I will be meeting a friend that morning. She and I meet every month to take a long walk. And talk. The sun will have risen at 7:55. At 9:11 here in the Pacific Northwest, the sun and earth will mark the winter solstice and daylight hours will begin to increase. The tilt of the earth on its axis will again draw the Northern Hemisphere into alignment to receive more direct rays from the sun. Above the Arctic Circle where my professional work took me, the sun would again appear above the horizon after the winter solstice. (The 24 hour night in the Arctic is not the black of midnight. The sun remains below below the horizon but the rays create a dawn and dusk that lighten the sky.) My friend and I will talk about our families and ourselves. The inconvenience of the short November and December days does not keep us from the busyness of retirement. We are carefree in comparison to the millennia of ancestors for whom hope for survival was renewed with the sun's return. If we are not alone in the Universe - if there is another planet of just the right mass, orbit and distance from its sun - if there is intelligent life - do they understand yet the cause of the daylight cycle? Are they building a Stonehenge? Or is their science and technology taking them into exploration of their universe? I will tell my friend, as I do every year, that I am a cave woman at heart. My spirits lift and I feel a surge of renewal - this year at 9:11 AM on December 21.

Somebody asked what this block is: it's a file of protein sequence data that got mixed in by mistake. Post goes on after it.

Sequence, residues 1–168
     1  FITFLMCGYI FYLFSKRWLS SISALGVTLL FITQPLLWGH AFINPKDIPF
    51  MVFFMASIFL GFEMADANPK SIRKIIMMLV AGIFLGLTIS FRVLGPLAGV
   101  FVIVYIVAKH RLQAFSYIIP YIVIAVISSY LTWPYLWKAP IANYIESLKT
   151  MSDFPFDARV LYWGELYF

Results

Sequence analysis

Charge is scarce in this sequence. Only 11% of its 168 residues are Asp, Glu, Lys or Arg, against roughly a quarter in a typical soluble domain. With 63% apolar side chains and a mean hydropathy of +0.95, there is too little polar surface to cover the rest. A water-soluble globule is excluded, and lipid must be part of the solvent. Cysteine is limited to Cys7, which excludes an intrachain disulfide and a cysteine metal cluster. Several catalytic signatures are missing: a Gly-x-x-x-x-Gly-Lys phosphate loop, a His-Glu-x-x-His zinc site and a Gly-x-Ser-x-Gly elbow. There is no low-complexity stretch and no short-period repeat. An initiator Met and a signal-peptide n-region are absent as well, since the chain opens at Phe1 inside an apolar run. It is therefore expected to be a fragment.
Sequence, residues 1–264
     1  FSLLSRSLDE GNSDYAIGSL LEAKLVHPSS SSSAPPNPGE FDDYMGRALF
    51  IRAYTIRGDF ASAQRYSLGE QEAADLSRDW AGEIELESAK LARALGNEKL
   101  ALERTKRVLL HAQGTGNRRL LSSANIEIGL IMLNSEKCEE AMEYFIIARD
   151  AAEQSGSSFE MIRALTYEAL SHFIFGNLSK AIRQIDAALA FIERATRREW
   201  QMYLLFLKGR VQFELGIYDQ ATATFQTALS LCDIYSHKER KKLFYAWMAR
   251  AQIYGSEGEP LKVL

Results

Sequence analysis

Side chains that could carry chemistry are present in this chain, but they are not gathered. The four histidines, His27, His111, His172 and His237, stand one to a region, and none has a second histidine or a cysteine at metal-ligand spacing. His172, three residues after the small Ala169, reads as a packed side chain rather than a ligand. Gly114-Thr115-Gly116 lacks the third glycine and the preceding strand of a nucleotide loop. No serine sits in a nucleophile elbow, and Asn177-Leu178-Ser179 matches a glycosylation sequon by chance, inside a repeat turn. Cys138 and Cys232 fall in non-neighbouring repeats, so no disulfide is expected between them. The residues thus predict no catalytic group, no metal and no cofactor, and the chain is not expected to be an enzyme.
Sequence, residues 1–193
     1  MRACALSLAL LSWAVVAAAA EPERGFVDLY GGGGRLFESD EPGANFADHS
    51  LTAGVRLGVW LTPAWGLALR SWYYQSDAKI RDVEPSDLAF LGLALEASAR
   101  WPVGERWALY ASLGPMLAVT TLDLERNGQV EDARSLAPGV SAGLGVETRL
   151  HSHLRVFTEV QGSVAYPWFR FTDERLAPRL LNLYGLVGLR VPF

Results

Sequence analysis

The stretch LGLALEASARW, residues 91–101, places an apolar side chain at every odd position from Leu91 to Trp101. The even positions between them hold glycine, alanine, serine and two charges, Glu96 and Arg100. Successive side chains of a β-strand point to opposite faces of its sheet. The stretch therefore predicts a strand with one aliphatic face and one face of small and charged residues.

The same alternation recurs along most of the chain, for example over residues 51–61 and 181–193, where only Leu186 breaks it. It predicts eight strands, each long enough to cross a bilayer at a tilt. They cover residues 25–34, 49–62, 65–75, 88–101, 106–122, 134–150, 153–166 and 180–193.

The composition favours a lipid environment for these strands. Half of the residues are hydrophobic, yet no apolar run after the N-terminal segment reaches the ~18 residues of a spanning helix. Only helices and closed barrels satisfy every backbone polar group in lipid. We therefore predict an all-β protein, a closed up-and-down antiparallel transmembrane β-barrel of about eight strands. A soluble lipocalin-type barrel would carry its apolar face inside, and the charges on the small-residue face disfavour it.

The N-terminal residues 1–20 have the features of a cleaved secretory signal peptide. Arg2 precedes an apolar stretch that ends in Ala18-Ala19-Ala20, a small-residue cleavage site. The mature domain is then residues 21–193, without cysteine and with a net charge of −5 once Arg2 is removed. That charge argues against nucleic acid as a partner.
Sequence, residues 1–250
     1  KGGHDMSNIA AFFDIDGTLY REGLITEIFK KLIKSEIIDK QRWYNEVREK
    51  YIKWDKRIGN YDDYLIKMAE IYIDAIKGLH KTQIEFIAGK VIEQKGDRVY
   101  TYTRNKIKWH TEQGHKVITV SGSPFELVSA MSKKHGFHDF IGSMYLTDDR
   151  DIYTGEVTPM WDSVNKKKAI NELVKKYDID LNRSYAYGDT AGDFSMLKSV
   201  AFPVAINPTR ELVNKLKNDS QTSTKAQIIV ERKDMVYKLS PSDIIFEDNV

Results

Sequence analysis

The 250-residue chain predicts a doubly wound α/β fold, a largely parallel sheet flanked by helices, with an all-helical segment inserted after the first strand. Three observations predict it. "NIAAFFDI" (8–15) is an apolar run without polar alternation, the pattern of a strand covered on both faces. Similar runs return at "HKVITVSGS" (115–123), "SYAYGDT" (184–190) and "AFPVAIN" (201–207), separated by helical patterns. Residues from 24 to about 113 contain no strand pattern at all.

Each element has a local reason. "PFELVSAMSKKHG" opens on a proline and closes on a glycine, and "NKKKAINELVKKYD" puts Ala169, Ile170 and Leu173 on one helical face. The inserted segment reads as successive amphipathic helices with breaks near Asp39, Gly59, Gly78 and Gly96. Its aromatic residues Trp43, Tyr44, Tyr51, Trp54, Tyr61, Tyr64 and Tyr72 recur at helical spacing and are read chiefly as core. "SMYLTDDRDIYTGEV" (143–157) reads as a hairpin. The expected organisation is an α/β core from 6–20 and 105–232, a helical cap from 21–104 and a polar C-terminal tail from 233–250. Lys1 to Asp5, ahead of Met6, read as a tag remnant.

KCNA, North Korea's official news agency has described the reasons for the execution (without trial) of Jan Song Thaek. He is the uncle of dictator Kim Jong Un. As our political season ends, however briefly, for the rest of 2013, it is worth reading every word. We, and others in the free world, have choices about our relationship with North Korea. Those choices should be informed by this glimpse into the mindset that would author such a message. We fool ourselves if we think we understand. Here is the link.
This is a "must read" subject. Here is one of many stories, this one from the Washington Post, about the 16 year old who drunkenly drove his Ford truck into a group of people who were assisting with a breakdown at the side of the road. He killed four of them. His lawyer's defense was that he suffered from affluenza, the ennui and depravity of certain of the very rich whose wealth enshrouds them in a sense of entitlement. In such a privileged frame of mind they should be excused from the consequences of poor choices. I am dumbstruck that a judge bought this line. Beware. There might be such a person driving in your lane.